3. Adopt agile methodologies: Embrace agile methodologies such as Scrum or Kanban to iteratively develop and refine the homegrown application. Break down the project into smaller, manageable increments or sprints, allowing for flexibility, adaptability, and incremental delivery of value.
  4. Establish clear communication channels: Maintain open and transparent communication channels among team members, stakeholders, and project sponsors. Regularly communicate project status updates, milestones, risks, and dependencies to ensure everyone is informed and aligned.
  5. Allocate sufficient resources and expertise: Ensure that the project is adequately resourced with skilled developers, project managers, testers, and other necessary personnel. Provide training and professional development opportunities to build and maintain the necessary expertise within the team.
  6. Manage scope and prioritize features: Define a minimum viable product (MVP) and prioritize features based on business value, user needs, and technical feasibility. Resist the temptation to over-engineer or include unnecessary features that could prolong the development timeline or increase project complexity.
  7. Implement robust quality assurance processes: Establish comprehensive testing and quality assurance processes to identify and address issues early in the development lifecycle. Conduct thorough testing of both functionality and performance, including unit tests, integration tests, and user acceptance testing (UAT).
  8. Foster a culture of collaboration and accountability: Encourage collaboration, knowledge sharing, and accountability among team members. Foster a culture of ownership and empowerment, where individuals take pride in their work and feel empowered to contribute to the project’s success.
  9. Manage risks proactively: Identify potential risks and uncertainties early in the project and develop mitigation strategies to address them. Regularly reassess and update the risk register throughout the project lifecycle to stay ahead of potential challenges.
  10. Seek continuous improvement: Embrace a mindset of continuous improvement and learning. Conduct post-mortem reviews and retrospectives after project milestones to reflect on lessons learned, celebrate successes, and identify areas for improvement in future projects. Leverage a product experience platform to combine quantitative insights with qualitative feedback to drive the right improvements on the right timeline.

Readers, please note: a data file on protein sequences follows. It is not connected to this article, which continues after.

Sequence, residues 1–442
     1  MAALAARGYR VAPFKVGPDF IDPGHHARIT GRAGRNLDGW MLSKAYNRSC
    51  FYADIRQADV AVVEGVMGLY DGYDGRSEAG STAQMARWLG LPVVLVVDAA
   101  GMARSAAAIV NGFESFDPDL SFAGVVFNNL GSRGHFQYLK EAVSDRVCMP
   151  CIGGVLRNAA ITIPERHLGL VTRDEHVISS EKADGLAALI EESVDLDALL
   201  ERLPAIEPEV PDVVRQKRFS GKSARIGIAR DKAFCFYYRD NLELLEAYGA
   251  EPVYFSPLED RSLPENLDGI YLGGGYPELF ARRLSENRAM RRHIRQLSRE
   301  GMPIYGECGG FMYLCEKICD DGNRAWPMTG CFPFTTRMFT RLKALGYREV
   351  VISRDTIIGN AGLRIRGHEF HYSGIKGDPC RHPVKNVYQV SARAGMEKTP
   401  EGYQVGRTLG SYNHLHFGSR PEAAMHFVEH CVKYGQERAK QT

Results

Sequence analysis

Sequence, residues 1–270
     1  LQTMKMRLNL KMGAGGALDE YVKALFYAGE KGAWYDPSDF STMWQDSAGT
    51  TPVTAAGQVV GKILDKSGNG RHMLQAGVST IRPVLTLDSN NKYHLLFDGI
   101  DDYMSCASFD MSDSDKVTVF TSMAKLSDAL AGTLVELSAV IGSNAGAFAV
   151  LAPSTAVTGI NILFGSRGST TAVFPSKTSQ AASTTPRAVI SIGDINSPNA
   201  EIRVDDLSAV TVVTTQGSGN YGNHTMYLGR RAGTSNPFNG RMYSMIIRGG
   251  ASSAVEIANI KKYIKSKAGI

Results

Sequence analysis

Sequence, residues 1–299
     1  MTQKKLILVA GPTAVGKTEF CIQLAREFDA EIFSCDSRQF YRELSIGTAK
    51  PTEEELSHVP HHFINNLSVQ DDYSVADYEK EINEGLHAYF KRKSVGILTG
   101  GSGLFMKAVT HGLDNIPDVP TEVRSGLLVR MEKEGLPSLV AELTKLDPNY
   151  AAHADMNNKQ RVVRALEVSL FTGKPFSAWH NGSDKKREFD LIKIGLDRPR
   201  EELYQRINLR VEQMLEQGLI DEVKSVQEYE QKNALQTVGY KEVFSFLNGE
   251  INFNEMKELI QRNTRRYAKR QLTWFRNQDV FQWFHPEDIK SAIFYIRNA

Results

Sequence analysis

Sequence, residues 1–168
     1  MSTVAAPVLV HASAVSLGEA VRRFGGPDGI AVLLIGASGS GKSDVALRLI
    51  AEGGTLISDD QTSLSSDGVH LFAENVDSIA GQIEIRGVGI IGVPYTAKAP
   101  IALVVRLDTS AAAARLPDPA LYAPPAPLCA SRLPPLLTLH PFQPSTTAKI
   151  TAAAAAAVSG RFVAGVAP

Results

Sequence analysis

By implementing these strategies and best practices, organizations can increase the likelihood of success for their homegrown application projects—delivering value to stakeholders and driving business growth and innovation.

How should homegrown applications approach security questions?

  1. Data protection: Homegrown applications must implement robust security measures to protect sensitive data from unauthorized access, manipulation, or disclosure.
  1. Vulnerability management: Developers need to stay vigilant against emerging threats and vulnerabilities, regularly patching and updating the application to mitigate security risks.
  1. Compliance requirements: Homegrown applications must comply with relevant regulations and standards governing data privacy, such as GDPR or HIPAA, to avoid legal and financial consequences.
  1. Security testing: Conduct thorough security testing, including penetration testing and code reviews, to identify and remediate vulnerabilities before deployment.

What role do homegrown applications play in digital transformation initiatives?

When built and managed correctly, homegrown applications can move the needle on your digital transformation initiatives. Here are three ways in which they can do so:

  1. Enabler of innovation: Homegrown applications empower organizations to innovate and adapt to changing market conditions by rapidly developing and deploying new digital solutions.
  2. Agility and scalability: By building custom applications, organizations can achieve greater agility and scalability, allowing them to respond quickly to evolving business needs and scale operations efficiently.
  3. Culture of ownership: The development and deployment of homegrown applications foster a culture of ownership and accountability among employees, driving engagement and alignment with strategic objectives.

How do organizations decide whether to build or buy software solutions?

  1. Cost-benefit analysis: Organizations weigh the costs and benefits of building a custom solution versus purchasing an off-the-shelf software package, considering factors such as development costs, licensing fees, and long-term maintenance.
  2. Strategic alignment: Organizations assess whether existing off-the-shelf solutions meet their specific requirements or if custom development is necessary to achieve strategic objectives and maintain competitive advantage.
  3. Resource availability: Organizations evaluate their internal capabilities and resources—including technical expertise, budget, and timeline—to determine whether building a homegrown application is feasible and sustainable.
  4. Risk tolerance: Organizations consider their risk tolerance and the potential consequences of project failure or implementation delays when deciding whether to build or buy software solutions.

How can teams ensure their homegrown apps are scalable?